7. ICH. 1995a. Guidance on Specific Aspects of Regulatory Genotoxicity Tests for Pharmaceuticals: S2A. In International Conference on Harmonisation of Technical Requirements for Registration of Pharmaceuticals for Human Use. Geneva, Switzerland.: International Conference on Harmonisation; ICH. 1995b. Guideline on the need for carcinogenicity studies of pharmaceuticals: S1A. In International Conference on Harmonisation of Technical Requirements for Registration of Pharmaceuticals for Human Use. Geneva, Switzerland: International Conference on Harmonisation
8. ICH. 1997. Genotoxicity: a standard battery for genotoxicity testing of pharmaceuticals: S2B. In International Conference on Harmonisation of technical requirements for registration of pharmaceuticals for clinical use. Geneva, Switzerland: International Conference on Harmonisation.
9. Grundsatze der Guten Laborpraxis (GLP) 1994. Anhang 1 (zu §19a Abs. 1) der Neufassung des Chemikaliengesetzes vom 25 Juli 1994:Bundesgesetzblatt I (47):1703-1732.
10. OECD. 1997. The Principles of Good Laboratory Practice, OECD C(97)186/Final.
11. American Association for Laboratory Animal Science Policy on the Humane Care and Use of Laboratory Animals. 1996, Guide for Laboratory Animal Facilities and Care.
12. Oldham MJ, Haussmann Hans-Juergen, Gomm W, Rimmer LT, Morton MJ, McKinney Jr. WJ, 2012. Discriminatory power of standard toxicity assays used to evaluate ingredients added to cigarettes, Regulatory Toxicology Pharmacology. 62:49-61.
13. Roemer E, Hackenberg U. 1990. Mouse skin bioassay of smoke condensates from cigarettes containing different levels of cocoa. Food Additives and Contaminants, 7, 563-9.
14. Gaworski CL, Dozier MM, Heck JD, Gerhart JM, Rajendran N, David RM, Brennecke LH, Morrissey R. 1998. Toxicologic evaluation of flavor ingredients added to cigarette tobacco: 13-week inhalation exposures in rats. Inhal Toxicol, 10, 357-81.
15. Gaworski CL, Heck JD, Bennett MB, Wenk ML. 1999. Toxicologic evaluation of flavor ingredients added to cigarette tobacco: skin painting bioassay of cigarette smoke condensate in SENCAR mice. Toxicology, 139, 1-17.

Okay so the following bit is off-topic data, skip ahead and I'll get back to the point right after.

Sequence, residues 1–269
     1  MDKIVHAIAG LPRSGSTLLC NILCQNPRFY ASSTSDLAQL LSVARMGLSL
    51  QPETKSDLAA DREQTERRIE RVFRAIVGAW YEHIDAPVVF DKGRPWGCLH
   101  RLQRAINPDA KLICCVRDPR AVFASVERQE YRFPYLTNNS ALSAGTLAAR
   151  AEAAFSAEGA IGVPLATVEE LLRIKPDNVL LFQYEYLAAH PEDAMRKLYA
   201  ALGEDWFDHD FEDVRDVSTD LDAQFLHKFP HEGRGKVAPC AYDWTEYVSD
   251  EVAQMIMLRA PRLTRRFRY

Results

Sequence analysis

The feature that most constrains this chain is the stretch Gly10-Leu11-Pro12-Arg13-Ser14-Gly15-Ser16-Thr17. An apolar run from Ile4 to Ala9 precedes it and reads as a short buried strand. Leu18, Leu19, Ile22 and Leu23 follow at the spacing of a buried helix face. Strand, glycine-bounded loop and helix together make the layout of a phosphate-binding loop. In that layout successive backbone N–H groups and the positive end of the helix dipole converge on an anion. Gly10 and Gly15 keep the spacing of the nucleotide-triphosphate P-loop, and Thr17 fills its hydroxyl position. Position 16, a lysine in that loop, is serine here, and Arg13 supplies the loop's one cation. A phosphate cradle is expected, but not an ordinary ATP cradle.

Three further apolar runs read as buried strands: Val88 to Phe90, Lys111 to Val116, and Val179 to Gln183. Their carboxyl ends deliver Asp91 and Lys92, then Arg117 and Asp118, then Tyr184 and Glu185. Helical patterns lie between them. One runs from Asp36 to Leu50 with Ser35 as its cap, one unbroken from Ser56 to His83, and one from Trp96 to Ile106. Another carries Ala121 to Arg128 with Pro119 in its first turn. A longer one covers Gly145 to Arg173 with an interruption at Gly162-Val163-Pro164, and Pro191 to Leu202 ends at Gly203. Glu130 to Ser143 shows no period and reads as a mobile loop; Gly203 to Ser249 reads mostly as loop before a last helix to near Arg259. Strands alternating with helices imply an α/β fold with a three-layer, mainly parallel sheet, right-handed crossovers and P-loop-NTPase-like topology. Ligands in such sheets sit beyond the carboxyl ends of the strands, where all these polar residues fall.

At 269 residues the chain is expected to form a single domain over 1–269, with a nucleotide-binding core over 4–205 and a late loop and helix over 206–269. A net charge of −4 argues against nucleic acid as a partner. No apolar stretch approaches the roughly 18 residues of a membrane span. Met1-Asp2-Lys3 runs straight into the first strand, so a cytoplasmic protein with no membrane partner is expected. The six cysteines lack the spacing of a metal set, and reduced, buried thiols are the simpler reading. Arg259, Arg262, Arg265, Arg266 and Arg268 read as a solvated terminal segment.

16. Stavanja MS, Ayres PH, Meckley DR, Bombick BR, Pence DH, Borgerding MF, Morton M, Mosberg AT, Swauger JE. 2003. Toxicological evaluation of honey as an ingredient added to tobacco. Journal Toxicology Environmental Health, 66, 1453-73.
17. Stavanja MS, Ayres PH, Meckley DR, Bombick ER, Borgerding MF, Morton MJ, Garner CD, Pence DH, Swauger JE. 2006. Safety assessment of high fructose corn syrup (HFCS) as an ingredient added to cigarette tobacco. Experimental Toxicology Pathology. 57, 267-81.
18. Stavanja MS, Curtin GM, Ayres PH, Bombick ER, Borgerding MF, Morgan WT, Garner CD, Pence DH, Swauger JE. 2008. Safety assessment of diammonium phosphate and urea used in the manufacture of cigarettes. Experimental Toxicology Pathology. 59:339-353.
19. Baker RR, Massey ED, Smith G. 2004. An overview of the effects of tobacco ingredients on smoke chemistry and toxicity. Food Chemical Toxicology, 42S:S53-S83.
20. Renne, R. A., Yoshimura, H., Yoshino, K., Lulham, G., Minamisawa, S., Tribukait, A., Dietz, D. D., Lee, K. M., and Westerberg, R. B. 2006. Effects of flavoring and casing ingredients on the toxicity of mainstream cigarette smoke in rats. Inhalation Toxicology. 18:685-706.
21. Carmines EL, Lemus R, and Gaworski CL. 2005. Toxicologic evaluation of licorice extract as a cigarette ingredient. Food and Chemical Toxicology. 43:1303-1322.
22. Carmines EL, and Gaworski CL. 2005. Toxicological evaluation of glycerin as a cigarette ingredient. Food and Chemical Toxicology. 43:1521-1539.
23. Lemus R, Carmines EL, Van Miert E, Coggins CRE, Anskeit E, Gerstenberg B, Meisgen T J, Schramke H, Stabbert R, Völkel H, Terpstra PM. 2007. Toxicological comparisons of cigarettes containing different amounts of vanillin. Inhalation Toxicology. 19:683 - 699.
24. Gaworski C L, Lemus-Olalde R, and Carmines EL. 2008. Toxicological evaluation of potassium sorbate added to cigarette tobacco. Food and Chemical Toxicology. 46:339-351.
25. Gaworski CL, Oldham M J, and Coggins CRE. 2010. Toxicological considerations on the use of propylene glycol as a humectant in cigarettes. Toxicology. 269:54-66.
26. Gaworski CL, Oldham MJ, Wagner KA, Coggins CRE, Patskan G.J. 2011. An evaluation of the toxicity of 95 ingredients added individually to experimental cigarettes: approach and methods, Inhalation Toxicology. 23 (S1):1-12.
27. Gaworski CL, Wagner KA, Morton MJ, Oldham MJ. 2011. Insights from a multi-year program designed to test the impact of ingredients on mainstream cigarette smoke toxicity, Inhalation Toxicology. 23(S1):172-183.
28. Coggins CRE, Wagner KA, Werley MS, Oldham MJ. 2011. A comprehensive evaluation of the toxicology of cigarette ingredients: carbohydrates and natural products, Inhalation Toxicology. 23(S1):13-40.